DNA Electrophoresis

STS 140: Science and Race

This course examines race and racial formations in science, technology, and medicine. It addresses the history of racial thought in scientific and medical research; colonial and decolonial modes of knowledge production; and the racialization of technology. It also covers intersectional approaches to technoscience, social justice, environmental justice, and health care equity.

The category of race has been used to naturalize social inequality by assigning people to hierarchically ordered groupings based on assumed biological (and hereditary) difference.  Scientific discourse has been a key resource in the history of this practice.  But it has also been a crucial tool for dismantling race.  The course will critically examine the place of race in formulating the problems, approaches, and epistemologies animating scientific work more generally, even in cases where scientific research may not centrally address race as such. 

The course will cover the history of the concept of “race” as it was constructed in the life sciences and the human sciences from the eighteenth century onwards, showing how thinking about scientific racial categories have changed over time and differed across regions. The arc of the course will address key historical moments and illustrative examples in which the scientific study of race has sometimes been used as an instrument of imperialism and colonialism, sometimes as an instrument of systemic injustice, and yet at other times as an element for resistance and contestation of entrenched social and scientific discourses about nature, difference, and identity. Topics will include: the concept of race in evolutionary biology and genetics; race in anthropology and the human sciences; the history of racial thought in medical research; scientific racism; race and human subjects research; colonial and decolonial modes of knowledge production; intersectional approaches to technoscience, social justice, environmental justice, and health care equity.


Illustrative Readings:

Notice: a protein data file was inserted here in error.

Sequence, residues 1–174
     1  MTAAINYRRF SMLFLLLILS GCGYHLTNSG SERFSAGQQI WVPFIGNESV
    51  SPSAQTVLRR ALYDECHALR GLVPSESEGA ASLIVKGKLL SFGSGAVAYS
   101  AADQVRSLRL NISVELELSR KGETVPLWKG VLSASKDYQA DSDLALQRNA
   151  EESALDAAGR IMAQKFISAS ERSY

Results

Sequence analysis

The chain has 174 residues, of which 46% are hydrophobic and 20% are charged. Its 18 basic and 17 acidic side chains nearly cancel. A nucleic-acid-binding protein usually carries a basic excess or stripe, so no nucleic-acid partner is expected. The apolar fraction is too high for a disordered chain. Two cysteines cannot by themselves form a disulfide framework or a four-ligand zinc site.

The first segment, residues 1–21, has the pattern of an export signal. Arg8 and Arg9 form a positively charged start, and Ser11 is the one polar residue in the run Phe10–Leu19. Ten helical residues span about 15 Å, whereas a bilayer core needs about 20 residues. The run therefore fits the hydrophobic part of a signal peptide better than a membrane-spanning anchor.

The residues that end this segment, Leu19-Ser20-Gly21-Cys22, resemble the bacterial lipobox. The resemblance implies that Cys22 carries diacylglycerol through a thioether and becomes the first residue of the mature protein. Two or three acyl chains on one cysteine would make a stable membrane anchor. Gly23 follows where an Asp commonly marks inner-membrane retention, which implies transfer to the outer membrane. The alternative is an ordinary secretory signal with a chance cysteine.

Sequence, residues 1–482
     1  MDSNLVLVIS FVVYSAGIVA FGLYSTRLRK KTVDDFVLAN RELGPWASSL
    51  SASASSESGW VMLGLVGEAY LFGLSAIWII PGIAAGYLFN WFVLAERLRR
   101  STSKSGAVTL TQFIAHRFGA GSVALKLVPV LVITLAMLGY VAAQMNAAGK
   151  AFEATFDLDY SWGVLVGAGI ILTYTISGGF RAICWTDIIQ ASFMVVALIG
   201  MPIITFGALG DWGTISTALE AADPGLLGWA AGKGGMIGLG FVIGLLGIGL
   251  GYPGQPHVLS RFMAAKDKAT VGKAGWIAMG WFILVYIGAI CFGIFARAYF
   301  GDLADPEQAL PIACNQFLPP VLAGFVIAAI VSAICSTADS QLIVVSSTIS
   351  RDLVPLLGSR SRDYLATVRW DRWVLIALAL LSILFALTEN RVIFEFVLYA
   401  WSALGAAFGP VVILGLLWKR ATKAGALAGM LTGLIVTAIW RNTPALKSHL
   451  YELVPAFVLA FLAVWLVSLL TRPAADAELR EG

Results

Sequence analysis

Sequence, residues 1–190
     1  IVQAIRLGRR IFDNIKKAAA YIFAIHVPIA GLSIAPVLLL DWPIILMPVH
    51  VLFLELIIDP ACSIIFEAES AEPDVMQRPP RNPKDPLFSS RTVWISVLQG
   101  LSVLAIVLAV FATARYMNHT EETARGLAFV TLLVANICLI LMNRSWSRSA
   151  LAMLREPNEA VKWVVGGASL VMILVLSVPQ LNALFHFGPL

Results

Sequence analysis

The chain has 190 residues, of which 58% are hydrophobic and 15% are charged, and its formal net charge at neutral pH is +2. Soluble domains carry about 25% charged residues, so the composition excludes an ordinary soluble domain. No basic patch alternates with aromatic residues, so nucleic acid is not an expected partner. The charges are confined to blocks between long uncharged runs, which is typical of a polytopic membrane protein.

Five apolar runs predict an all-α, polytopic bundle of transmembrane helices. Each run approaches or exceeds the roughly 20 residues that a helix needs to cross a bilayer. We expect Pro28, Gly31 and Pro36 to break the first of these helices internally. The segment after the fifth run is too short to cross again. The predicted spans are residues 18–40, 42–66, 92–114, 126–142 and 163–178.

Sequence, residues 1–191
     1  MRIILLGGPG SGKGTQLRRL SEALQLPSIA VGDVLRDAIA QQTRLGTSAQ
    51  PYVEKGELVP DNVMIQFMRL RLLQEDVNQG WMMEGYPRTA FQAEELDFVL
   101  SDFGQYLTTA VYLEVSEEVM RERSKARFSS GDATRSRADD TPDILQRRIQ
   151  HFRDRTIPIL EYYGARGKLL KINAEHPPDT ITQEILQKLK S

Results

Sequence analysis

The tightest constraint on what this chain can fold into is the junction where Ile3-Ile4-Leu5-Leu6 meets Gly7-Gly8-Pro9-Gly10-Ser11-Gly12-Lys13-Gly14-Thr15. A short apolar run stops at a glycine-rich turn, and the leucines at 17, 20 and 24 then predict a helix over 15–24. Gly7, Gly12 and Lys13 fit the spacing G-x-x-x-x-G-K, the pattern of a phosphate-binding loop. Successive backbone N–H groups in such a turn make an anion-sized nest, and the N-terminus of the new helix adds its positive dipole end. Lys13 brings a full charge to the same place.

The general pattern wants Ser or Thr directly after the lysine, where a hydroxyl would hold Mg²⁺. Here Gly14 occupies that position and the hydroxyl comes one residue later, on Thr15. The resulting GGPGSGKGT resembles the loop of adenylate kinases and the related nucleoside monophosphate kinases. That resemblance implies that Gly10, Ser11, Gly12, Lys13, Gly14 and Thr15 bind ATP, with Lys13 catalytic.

Bliss, Catherine. 2012. Decoding Race. Stanford: Stanford University Press.

Braun, Lundy. 2014. Breathing Race into the Machine: The Surprising Career of the Spirometer from Plantation to Genetics. Minneapolis: University of Minnesota Press.

Fujimura, Joan and Troy Duster. 2008. “Race, Genomics, and Biomedicine,” special issue of Social Studies of Science 38/5.

Gould, Stephen Jay. 1981. The Mismeasure of Man. New York: Norton.

McClintock, Anne.  1995. “The Lay of the Land: Genealogies of Imperialism.”  In Imperial Leather: Race, Gender, and Sexuality in the Colonial Contest, 21-51.  New York: Routledge.

Morning, Ann. 2011. The Nature of Race: How Scientists Think and Teach about Human Difference. Berkeley: University of California Press.

Nelson, Alondra. 2016. The Social Life of DNA: Race, Reparations, and Reconciliation After the Genome. Boston: Beacon Press.

Owens, Deirdre Cooper. 2017. Medical Bondage: Race, Gender, and the Origins of American Gynecology. Athens: University of Georgia Press.

Reardon, Jenny. 2005. Race to the Finish. Princeton: Princeton University Press

Roberts, Dorothy. 2011. Fatal Invention: How Science, Politics, and Big Business Re-Create Race in the Twenty-First Century. New York: New Press.

Roberts, Dorothy. 1998. Killing the Black Body: Race, Reproduction, and the Meaning of Liberty. New York: Vintage.

Russell, Camisha. 2018. The Assisted Reproduction of Race. Bloomington: Indiana University Press.

Shah, Nayan. 2001. Contagious Divides: Epidemics and Race in San Francisco's Chinatown. Oakland: University of California Press.

Stepan, Nancy. 1993. “Race and Gender: The Role of Analogy in Science.” In The "Racial" Economy of Science: Toward a Democratic Future, ed. Sandra Harding. Bloomington: Indiana University Press.

Subramaniam, Banu. 2013. Ghost Stories for Darwin: The Science of Variation and the Politics of Diversity. Urbana: University of Illinois Press.

Tallbear, Kim. 2013. Native American DNA: Tribal Belonging and the False Promise of Genetic Science. Minneapolis: University of Minnesota Press. 

Tamarkin, Noah. 2021. Genetic Afterlives: Black Jewish Indigeneity in South Africa. Durham: Duke University Press.